Round-up: media coverage following Lancet’s criticism of DSM-5 proposals for grief

Round-up: media coverage following Lancet’s criticism of DSM-5 proposals for grief

Post #144 Shortlink: http://wp.me/pKrrB-1V2

Previous Post #143:

Criticism of DSM-5 proposals for grief in this week’s Lancet: Editorial and Essay

Bloggers

Christopher Lane, Ph.D.:  Good Grief: The APA Plans to Give the Bereaved Two Weeks to Conclude Their Mourning, Britain’s “Lancet” calls the proposal “dangerously simplistic and flawed.”

Allen Frances, MD: Lancet Rejects Grief As a Mental Disorder, Will DSM 5 Finally Drop This Terrible Idea

———————–

Media

———————–

Libby Purves, columnist and author, lost a son in his late teens to suicide.

The Times

Why must grief be a sign of mental illness?

Libby Purves | February 20, 2012

Treating the bereaved for depression after two weeks typifies our urge to medicalise everyday experience…

Content behind sub or paywall

———————–

Medscape

From Medscape Medical News > Psychiatry

Lancet Weighs in on DSM-5 Bereavement Exclusion

Megan Brooks | February 16, 2012

February 16, 2012 — An editorial that appears in this week’s Lancet expresses concerns about the proposed elimination of the bereavement exclusion to major depression in the forthcoming fifth edition of the Diagnostic and Statistical Manual of Mental Disorders (DSM-5) from the American Psychiatric Association (APA)…

Read on

———————–

Daily Mail

Lancet urges doctors to treat grief with empathy, not pills

Lauren Paxman | February 17, 2012

‘Grief is not a mental illness that should be treated with pills': Doctors hit back at creeping medicalisation of life events

Treatment of grief with antidepressants is ‘dangerously simplistic’, experts say

Backlash follows the American Psychiatric Association’s reclassification of grief as a mental illness. In an unsigned editorial in the influential medical journal The Lancet, experts argue that grief does not require psychiatrists and that ‘legitimising’ the treatment of grief with antidepressants ‘is not only dangerously simplistic, but also flawed.’ 

Read on

———————–

ABC News Radio

February 17, 2012

Grief: Normal, Not A Mental Illness

(NEW YORK) — Grief following the death of a loved one isn’t a mental illness that requires psychiatrists and antidepressants, according to editors of The Lancet, who oppose “medicalizing” an often-healing response to overwhelming loss.

Routinely legitimizing the treatment of grief with antidepressants “is not only dangerously simplistic, but also flawed,” says the unsigned lead editorial appearing in Friday’s edition of the influential international medical journal. “Grief is not an illness; it is more usefully thought of as part of being human and a normal response to the death of a loved one.”

Read On

———————–

The Australian

Individual difference suffers in the neverending explosion of mental illness

Frank Furedi | February 18, 2012

YOU may be suffering from a mental illness that you never realised existed. The American Psychiatric Association has just published a draft version of the updated edition of its Diagnostic and Statistical Manual. According to this diagnostic bible, called DSM-5, shyness in children and confusion over gender is likely to be labelled as a mental disorder.

Read on for subscribers

———————–

TIME

Depression

Good Grief! Psychiatry’s Struggle to Define Mental Illness Goes Awry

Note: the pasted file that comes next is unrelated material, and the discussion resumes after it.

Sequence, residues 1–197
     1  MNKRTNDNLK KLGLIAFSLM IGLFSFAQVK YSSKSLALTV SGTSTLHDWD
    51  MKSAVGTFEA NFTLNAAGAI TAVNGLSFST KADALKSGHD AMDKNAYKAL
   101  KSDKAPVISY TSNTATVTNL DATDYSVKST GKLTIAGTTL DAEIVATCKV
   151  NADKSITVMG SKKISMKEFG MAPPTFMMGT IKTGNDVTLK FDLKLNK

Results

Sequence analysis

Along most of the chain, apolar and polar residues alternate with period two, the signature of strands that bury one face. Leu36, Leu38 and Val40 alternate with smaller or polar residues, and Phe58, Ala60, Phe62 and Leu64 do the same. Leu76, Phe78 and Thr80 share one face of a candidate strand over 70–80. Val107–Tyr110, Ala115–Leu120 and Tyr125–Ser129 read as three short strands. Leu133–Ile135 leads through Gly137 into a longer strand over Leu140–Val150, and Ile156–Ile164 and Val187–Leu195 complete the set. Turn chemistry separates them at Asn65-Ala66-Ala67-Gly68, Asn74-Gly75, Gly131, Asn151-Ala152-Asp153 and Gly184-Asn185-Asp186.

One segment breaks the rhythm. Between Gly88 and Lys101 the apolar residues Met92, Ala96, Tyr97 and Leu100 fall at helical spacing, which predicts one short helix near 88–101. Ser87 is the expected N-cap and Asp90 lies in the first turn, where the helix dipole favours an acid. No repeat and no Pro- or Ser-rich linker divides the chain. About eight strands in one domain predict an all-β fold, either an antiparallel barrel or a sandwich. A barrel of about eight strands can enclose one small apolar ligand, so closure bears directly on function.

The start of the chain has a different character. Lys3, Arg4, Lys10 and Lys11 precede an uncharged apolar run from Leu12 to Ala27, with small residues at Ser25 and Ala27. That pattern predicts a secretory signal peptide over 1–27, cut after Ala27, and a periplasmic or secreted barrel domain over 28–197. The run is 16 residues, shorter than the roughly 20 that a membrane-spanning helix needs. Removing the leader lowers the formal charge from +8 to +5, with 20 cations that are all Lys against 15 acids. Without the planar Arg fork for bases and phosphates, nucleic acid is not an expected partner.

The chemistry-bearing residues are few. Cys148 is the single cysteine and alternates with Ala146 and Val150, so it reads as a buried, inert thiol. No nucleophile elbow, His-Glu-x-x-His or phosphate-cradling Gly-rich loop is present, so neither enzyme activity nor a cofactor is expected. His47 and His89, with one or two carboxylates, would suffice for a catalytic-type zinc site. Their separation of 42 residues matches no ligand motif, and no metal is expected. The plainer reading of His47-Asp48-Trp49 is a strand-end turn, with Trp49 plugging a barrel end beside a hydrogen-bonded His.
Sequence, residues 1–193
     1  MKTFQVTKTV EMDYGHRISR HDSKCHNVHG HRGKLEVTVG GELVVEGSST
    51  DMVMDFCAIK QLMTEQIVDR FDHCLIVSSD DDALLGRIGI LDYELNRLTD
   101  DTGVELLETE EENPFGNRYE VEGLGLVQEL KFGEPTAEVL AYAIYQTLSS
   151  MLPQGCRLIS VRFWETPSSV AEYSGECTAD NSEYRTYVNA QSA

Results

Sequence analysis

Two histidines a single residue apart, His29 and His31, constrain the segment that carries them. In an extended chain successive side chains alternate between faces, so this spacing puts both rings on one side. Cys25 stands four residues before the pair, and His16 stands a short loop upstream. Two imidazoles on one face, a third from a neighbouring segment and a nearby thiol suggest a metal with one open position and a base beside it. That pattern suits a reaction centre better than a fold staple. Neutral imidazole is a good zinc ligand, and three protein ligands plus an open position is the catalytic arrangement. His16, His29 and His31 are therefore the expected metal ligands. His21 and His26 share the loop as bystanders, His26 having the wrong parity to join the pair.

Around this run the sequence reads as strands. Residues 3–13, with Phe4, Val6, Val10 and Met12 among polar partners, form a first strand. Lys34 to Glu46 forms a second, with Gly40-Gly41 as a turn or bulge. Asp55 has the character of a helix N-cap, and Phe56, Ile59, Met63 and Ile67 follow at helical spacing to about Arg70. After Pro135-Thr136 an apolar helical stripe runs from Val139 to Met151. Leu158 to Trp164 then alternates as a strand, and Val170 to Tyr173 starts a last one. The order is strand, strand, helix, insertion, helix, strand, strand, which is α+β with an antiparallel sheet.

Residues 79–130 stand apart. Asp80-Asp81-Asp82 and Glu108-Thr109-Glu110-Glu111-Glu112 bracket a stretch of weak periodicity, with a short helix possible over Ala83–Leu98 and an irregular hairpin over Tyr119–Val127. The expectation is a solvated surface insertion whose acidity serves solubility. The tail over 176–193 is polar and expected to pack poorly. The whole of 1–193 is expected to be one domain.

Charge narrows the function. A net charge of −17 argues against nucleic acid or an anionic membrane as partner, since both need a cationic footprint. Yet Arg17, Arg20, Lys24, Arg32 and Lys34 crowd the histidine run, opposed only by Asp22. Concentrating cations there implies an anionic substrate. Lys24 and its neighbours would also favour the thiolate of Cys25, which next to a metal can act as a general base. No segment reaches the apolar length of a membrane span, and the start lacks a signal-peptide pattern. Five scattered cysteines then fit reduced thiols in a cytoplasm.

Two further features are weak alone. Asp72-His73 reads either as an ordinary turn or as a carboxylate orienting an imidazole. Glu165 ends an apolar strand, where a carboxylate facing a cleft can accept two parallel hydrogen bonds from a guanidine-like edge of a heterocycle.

A proposed new definition of depression would include normal bereavement. Why that’s a bad idea.

Maia Szalavitz | @maiasz | February 17, 2012

The editors of the forthcoming fifth edition of the Diagnostic and Statistical Manual — psychiatry’s diagnostic handbook — are having a hard time. They’ve been attacked by autism advocacy groups for proposing to eliminate the Asperger’s diagnosis. They’ve been slammed for adding a diagnosis, or “prediagnosis,” for people determined to be “at high risk” of developing schizophrenia. And, now, they’re being pummeled for introducing a provision to diagnose grief as depression…

Read on

———————–

Telegraph

Grief is not an illness, warns The Lancet

Stephen Adams Medical Correspondent | February 17, 2012

Bereaved relatives overcome by grief should not be given pills and treated as if they are clinically depressed, a leading medical journal warns today (Fri).

“Grief is not an illness”, say the journal’s editors in an impassioned editorial, which argues that “medicalising” such a normal human emotion is “not only dangerously simplistic, but also flawed”.

Doctors tempted to prescribe pills “would do better to offer time, compassion, remembrance and empathy”, they write.

The editors are worried by moves which appear to categorise extreme emotions as problems that need fixing.

Their fears have been prompted by the publication of a new draft version of the psychiatrists’ ‘bible’, the fifth edition of the Diagnostic and Statistical Manual of Mental Disorders, known as DSM-5…

Read on

———————–

Inside Ireland

The Lancet: Grief is not an illness

Sarah Greer | February 17, 2012

A leading medical journal has today warned that bereaved relatives should not be given pills and treated as if they are clinically depressed.

“Grief is not an illness,” the journal’s editors say. They argue that ‘medicalising’ such a normal human emotion is ‘not only dangerously simplistic, but also flawed’, and say doctors who are tempted to prescribe pills ‘would do better to offer time, compassion, remembrance and empathy’.

The editors are worried by moves which appear to categorise extreme emotions as problems that need fixing…

Read on

———————–

About these ads

Comments are closed.

Follow

Get every new post delivered to your Inbox.

Join 140 other followers

%d bloggers like this: